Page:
Garlic in the garden? Mark Cullen explains why now is the time
Published Wednesday, September 11, 2013 6:23AM EDT
Garlic has been in use for over 4,000 years. Some say that it is the most ancient of herbs, used by the early Egyptians. It seems to me that one of the reasons that garlic has survived as a popular herb is that it is so easy to grow. You just have to understand it's annual cycle to get the best crop.
Plant your garlic cloves in sandy, open soil in the fall. They will likely grow just enough that the new growth will poke out of the surface of the soil before the hard frost of late fall. Come spring they continue to grow - all you need to do is to keep them weed free.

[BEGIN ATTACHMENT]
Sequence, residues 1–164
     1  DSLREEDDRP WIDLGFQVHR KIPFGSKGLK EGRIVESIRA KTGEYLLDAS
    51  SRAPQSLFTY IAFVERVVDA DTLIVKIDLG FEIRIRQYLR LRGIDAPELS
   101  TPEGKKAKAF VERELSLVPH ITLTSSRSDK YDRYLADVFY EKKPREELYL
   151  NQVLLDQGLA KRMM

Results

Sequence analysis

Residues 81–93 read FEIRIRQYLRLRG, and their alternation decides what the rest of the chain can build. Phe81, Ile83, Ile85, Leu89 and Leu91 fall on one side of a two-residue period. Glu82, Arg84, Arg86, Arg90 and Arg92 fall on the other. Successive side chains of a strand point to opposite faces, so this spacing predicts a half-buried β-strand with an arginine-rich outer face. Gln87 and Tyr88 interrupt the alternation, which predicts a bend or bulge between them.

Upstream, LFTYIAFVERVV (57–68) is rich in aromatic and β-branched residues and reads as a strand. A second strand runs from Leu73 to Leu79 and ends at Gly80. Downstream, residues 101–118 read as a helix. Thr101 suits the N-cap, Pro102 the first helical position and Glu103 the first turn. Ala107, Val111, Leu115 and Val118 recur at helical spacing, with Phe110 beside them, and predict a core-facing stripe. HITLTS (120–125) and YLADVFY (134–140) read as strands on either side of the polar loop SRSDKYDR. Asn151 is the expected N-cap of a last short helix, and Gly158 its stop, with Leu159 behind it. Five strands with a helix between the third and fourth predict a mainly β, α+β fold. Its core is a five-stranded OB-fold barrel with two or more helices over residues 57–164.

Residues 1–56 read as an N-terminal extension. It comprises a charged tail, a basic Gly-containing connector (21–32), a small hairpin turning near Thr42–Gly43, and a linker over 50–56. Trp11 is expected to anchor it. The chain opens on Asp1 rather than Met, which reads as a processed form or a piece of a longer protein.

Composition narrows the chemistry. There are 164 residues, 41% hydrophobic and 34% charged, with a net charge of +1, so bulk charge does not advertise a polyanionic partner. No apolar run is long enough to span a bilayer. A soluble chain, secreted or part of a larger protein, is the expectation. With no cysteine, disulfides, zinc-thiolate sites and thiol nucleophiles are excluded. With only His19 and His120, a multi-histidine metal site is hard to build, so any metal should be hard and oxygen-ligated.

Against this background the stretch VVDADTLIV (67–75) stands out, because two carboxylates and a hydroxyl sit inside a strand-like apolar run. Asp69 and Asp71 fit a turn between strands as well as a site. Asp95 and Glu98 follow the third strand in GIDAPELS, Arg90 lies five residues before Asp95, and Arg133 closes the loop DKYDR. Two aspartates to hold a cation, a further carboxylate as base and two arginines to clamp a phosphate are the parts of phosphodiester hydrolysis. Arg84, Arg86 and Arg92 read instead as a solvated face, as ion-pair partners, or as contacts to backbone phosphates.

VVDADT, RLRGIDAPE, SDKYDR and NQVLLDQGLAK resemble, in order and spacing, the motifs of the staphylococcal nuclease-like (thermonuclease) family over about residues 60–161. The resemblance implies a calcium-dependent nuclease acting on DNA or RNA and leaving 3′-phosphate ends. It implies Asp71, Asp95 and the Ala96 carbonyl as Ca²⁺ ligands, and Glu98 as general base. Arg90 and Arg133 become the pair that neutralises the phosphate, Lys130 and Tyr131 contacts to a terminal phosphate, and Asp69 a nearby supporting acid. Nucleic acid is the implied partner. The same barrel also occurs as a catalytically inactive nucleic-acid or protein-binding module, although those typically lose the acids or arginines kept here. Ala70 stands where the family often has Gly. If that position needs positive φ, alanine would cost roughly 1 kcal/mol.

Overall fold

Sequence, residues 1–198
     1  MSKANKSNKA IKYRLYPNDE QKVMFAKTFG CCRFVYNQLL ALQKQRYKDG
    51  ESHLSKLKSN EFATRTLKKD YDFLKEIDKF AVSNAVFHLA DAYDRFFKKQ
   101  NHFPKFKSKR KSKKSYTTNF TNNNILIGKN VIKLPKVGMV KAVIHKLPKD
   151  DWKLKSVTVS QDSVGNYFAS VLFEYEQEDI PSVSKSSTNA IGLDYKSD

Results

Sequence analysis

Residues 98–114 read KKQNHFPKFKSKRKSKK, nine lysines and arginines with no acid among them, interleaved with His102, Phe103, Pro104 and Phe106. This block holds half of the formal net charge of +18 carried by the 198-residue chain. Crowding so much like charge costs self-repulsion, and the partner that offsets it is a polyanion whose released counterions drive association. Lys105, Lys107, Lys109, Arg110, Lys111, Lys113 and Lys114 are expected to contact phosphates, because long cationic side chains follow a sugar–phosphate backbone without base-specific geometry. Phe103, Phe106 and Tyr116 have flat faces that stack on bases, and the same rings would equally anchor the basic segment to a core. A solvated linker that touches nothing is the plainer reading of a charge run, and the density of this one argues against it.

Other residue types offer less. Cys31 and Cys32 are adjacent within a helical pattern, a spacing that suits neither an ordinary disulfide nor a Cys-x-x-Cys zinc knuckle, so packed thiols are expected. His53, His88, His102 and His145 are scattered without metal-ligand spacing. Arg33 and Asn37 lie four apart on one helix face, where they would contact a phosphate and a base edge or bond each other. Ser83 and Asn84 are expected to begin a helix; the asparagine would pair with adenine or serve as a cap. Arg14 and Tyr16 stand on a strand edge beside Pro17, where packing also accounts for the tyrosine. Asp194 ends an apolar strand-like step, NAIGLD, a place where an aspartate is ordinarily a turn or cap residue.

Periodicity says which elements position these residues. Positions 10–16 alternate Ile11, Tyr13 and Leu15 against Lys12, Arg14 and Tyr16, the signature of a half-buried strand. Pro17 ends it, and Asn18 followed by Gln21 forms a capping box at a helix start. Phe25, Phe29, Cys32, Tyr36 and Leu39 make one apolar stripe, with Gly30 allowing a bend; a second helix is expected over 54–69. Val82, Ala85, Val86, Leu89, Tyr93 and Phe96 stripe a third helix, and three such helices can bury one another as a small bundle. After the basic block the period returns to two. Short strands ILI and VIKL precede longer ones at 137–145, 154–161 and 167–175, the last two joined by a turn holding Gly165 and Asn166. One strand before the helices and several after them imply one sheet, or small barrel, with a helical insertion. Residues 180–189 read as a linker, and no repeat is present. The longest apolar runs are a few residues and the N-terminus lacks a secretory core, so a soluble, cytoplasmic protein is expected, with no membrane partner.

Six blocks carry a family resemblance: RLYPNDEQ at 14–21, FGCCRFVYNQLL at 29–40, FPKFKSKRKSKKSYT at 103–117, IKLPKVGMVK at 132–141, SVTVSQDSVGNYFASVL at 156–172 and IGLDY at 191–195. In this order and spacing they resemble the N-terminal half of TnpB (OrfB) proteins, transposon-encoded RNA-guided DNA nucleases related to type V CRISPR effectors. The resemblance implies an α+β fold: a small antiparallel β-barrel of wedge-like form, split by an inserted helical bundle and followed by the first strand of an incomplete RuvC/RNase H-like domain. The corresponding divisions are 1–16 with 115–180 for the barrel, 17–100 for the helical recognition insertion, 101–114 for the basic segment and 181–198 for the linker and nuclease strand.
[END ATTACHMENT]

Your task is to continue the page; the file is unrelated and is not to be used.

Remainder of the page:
In early July they produce 'scapes' or pig tail shaped stems with an edible flower at the end of each one. Every part of garlic is edible so use the scapes as you choose in your own cooking.
By early August you should remove the garlic from the ground, dry them in the sun for a couple of weeks and [if you are clever] tie them into braids using the leaves and hang them in a dry, open space until you are ready to use them.
Above all, keep them dry after harvest otherwise they will rot.